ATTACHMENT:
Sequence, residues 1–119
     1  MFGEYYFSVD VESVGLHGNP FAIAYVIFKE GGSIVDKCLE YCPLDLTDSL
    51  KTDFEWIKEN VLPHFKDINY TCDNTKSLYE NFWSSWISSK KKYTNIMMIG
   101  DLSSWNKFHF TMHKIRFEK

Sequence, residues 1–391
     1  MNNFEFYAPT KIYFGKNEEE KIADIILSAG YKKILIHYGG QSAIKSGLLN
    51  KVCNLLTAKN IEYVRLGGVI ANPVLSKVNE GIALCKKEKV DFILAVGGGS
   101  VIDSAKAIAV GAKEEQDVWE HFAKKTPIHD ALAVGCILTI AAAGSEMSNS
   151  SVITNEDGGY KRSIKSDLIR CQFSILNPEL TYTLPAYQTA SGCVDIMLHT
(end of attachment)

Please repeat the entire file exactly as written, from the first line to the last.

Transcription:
Sequence, residues 1–119
     1  MFGEYYFSVD VESVGLHGNP FAIAYVIFKE GGSIVDKCLE YCPLDLTDSL
    51  KTDFEWIKEN VLPHFKDINY TCDNTKSLYE NFWSSWISSK KKYTNIMMIG
   101  DLSSWNKFHF TMHKIRFEK

Sequence, residues 1–391
     1  MNNFEFYAPT KIYFGKNEEE KIADIILSAG YKKILIHYGG QSAIKSGLLN
    51  KVCNLLTAKN IEYVRLGGVI ANPVLSKVNE GIALCKKEKV DFILAVGGGS
   101  VIDSAKAIAV GAKEEQDVWE HFAKKTPIHD ALAVGCILTI AAAGSEMSNS
   151  SVITNEDGGY KRSIKSDLIR CQFSILNPEL TYTLPAYQTA SGCVDIMLHT